III.            Non Profits Inter-Fund Accounts

Inter-fund accounts are accounts that connect all funds. At year end, these accounts are eliminated during consolidation. Let me give an example to make this explanation more clear. Assume the general fund needs to borrow from restricted funds to meet current expenditures. This creates a liability in the general fund and a receivable in restricted fund. Therefore, for record keeping purposes, “due to/due from” accounts is used to track inter fund receivable and payable.

    IV.            Net assets released from restrictions 

This account is normally used between the unrestricted and temporarily restricted funds and is shown as line item in the revenue area of financial statements. For example, assume organization A pays $5000 for Scholarships. Further, assume that scholarship donations are kept in a restricted fund. At the time of payment cash for the expense comes out of the general fund checking account. The journal entries would be:

1. JE-100- General Fund-Scholarship expense $5000 DR

General Fund -Cash $5,000 CR

2. JE-200-General Fund- Inter-fund receivable $5,000 DR

Restricted Fund- Inter-fund payable $5,000 CR

3. JE-300 Restricted Fund-Net assets released from restriction 5000 DR

General Fund-Net assets released from restriction $5,000 CR

Explanation of the journal entries:

  • The first journal entry records the transaction in the General Fund through the Accounts Payable module at the time a check is processed.
  • The second journal entry records the inter-fund receivable and payable because the money for this expense is deposited in the restricted fund cash account and needs to be transferred out of the general fund cash account. Eventually, when cash is transferred from one banking account to another, this entry is reversed. Management can make a policy that cash transfers occurs monthly , quarterly or on other regular basis  based on balances on inter-fund accounts or other parameters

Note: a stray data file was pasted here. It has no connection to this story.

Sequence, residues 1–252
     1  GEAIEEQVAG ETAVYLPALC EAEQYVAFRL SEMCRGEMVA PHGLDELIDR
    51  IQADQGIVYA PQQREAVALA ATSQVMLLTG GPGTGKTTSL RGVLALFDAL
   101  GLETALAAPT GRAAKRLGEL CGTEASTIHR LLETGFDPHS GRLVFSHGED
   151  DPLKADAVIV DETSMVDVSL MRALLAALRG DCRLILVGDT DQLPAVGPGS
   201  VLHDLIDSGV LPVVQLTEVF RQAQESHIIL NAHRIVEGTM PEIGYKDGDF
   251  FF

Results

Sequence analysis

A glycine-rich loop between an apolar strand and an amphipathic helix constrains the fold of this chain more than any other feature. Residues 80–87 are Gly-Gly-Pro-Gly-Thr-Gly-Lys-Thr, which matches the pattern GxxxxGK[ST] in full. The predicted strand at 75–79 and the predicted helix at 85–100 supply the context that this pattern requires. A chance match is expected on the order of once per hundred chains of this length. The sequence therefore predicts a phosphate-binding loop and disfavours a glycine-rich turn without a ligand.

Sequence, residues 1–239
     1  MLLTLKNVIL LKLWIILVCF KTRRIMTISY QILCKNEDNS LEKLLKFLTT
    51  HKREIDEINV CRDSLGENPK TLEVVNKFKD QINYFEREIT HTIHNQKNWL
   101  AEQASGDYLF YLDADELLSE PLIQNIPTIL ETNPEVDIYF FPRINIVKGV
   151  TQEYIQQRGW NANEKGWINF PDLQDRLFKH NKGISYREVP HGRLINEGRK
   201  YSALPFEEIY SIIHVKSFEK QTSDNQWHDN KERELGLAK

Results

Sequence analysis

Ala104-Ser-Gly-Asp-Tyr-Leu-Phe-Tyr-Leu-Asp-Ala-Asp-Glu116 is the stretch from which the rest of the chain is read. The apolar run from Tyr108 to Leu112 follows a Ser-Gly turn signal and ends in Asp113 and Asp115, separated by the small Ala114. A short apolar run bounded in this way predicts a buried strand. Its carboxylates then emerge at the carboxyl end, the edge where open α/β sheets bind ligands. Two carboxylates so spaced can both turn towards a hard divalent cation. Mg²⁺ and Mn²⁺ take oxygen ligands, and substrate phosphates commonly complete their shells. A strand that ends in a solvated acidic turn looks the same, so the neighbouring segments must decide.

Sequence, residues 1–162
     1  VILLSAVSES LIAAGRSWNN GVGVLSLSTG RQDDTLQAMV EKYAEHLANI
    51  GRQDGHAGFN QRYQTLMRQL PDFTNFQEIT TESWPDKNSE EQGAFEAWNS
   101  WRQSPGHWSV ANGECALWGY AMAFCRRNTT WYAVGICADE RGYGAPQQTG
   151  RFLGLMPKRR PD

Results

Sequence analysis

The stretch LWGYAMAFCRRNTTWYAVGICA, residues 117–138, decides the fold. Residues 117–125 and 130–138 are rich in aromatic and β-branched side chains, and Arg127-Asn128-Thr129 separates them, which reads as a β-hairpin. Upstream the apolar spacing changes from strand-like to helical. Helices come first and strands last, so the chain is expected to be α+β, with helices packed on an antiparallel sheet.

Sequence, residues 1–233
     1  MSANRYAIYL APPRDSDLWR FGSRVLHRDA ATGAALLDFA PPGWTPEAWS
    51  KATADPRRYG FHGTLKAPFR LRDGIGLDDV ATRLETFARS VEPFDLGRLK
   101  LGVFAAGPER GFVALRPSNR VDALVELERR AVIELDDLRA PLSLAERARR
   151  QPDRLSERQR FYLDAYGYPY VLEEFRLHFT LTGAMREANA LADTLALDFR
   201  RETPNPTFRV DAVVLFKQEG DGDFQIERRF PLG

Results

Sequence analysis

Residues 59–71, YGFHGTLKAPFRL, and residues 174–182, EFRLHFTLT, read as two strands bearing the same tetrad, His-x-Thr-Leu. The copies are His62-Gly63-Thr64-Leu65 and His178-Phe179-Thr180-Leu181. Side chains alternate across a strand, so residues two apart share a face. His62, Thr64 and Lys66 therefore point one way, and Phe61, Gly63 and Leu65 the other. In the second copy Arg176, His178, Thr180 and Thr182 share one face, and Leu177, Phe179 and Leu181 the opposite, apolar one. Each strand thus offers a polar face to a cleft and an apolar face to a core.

• The third and last journal entry recognizes the transaction as restricted. This release from restrictions entry reclassifies the expense from the general fund to the restricted fund.

It is good accounting practice to keep an audit trail of why money is being released. This may be in a separate spreadsheet with details, or even enough description in the journal entries may be adequate.

     V.            Chart of Accounts

The chart of accounts drives everything in accounting and supports accurate preparation of financial statements and other management reports. Chart of accounts should be set carefully to ensure that it is able to accommodate many funds, inter-fund receivables/payables, special financial, grant and 990 mandated reporting. Most of the nonprofit organizations set up their chart of accounts following the line items in the 990, and this is usually good practice.